“I wanted to make a drinkin’ song that you could party too that wasn’t completely glamorizing,” Anonymous says. “People wanna act like you can make party music or you can make super-soulful music, but you can’t combine those two, and I think that’s bullshit.”

As such, “Cups” is the de facto single of the record. With dirty South hi-hats and big, churchy piano, Name makes a track that nearly distracts from Anonymous’s lyrics. It makes you dance yourself into a daze while Anonymous transparently runs down the futility of trying to kill problems with alcohol.

“If he’s having one, then he’s having fun, but he ain’t killing off his demons,” he raps. “He’s got a way to solve a grievance / It involves a bottle on the weekends.”

“A big goal that I had in mind when I was writing this project was to have something where you can go to a club or a dance night or a live show and party your ass off," Anonymous says. "But on your way back from the show, when you pop that CD into your car, you realize that there’s more to it than getting fucked up and throwing up some money at the bar.”

“In a Minute”

Instead of winding down, 2:44 a.m. ends on a whirlwind. Instead of revealing a greater truth that’s been obscured below the hype and bombast, the closing track, “In a Minute,” blows by as a high-BPM sprint of clicks and escalating keys that name calls “ridiculous.”

Anonymous starts the song with a spree of random boasts. He can ride his bike in a hurricane without hands; he can make grilled cheese. But that transitions immediately into a memory about when he was 15, and the cops busted him and his friends for drinking. It’s the kind of free-form word association Anonymous hasn’t exhibited in his career.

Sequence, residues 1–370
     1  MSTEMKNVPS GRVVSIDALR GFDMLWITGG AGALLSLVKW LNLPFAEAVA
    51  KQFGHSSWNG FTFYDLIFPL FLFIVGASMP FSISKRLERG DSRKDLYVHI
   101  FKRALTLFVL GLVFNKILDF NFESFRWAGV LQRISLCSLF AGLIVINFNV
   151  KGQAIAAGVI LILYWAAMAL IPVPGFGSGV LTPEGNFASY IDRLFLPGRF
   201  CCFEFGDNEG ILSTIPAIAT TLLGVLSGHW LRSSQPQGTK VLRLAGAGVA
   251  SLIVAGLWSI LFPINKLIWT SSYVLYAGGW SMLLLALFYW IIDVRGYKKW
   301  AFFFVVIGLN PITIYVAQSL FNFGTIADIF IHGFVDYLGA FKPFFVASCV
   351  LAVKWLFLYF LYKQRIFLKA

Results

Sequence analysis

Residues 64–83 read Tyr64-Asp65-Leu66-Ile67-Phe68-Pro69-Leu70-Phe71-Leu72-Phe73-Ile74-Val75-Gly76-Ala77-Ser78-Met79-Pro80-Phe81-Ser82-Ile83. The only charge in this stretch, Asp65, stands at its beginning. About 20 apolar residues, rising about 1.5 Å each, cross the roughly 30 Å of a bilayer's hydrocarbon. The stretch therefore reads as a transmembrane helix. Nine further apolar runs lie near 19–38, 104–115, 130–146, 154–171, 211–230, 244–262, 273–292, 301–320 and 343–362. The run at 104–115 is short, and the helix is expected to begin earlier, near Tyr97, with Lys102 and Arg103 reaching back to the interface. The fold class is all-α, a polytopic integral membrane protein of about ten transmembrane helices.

But that’s the nature of 2:44 a.m. Since it was put together hastily and in the comfort of a lengthy partnership, the EP has a naturally looser feel. If Anonymous sounds unlike he ever has before, it’s because he’s didn’t spend hours torturing himself over 12-syllable rhyme scheme and big-picture philosophies like on past albums.

“I did a lot on this project that I’ve never done before,” Anonymous says. “There are a lot of cadences that I hadn’t tried. I feel pretty versatile at this point.”

“I really just wanted to rap my ass off,” he adds. “On an EP filled with strong concepts, this one is the loosest. The only concept is the recurring line of ‘in a minute.’”

The thread that ties it to the rest of the EP is the theme of time. “In a Minute” is, at once, a vehicle for Anonymous to assert his skill, but it’s also a meditation on how, in life, things disappear quickly.

“That’s real life sometimes,” he says. “A lot of serendipitous stuff came on this album. I didn’t write these songs in order, but it still made a story.”

Name and Anonymous chalk it up to fate, but there’s probably more concrete forces at work. There’s nothing mystical about two musicians who relate on an elemental level coming together and producing something that rings of serendipity.

That’s just what time will do.

Sean Anonymous and DJ Name 
With: Haphduzn, Dwynell Roland, DJ Fundo
When: 11 p.m. Sat., Oct. 8 
Where: Icehouse 
Tickets: $8-$10; more info here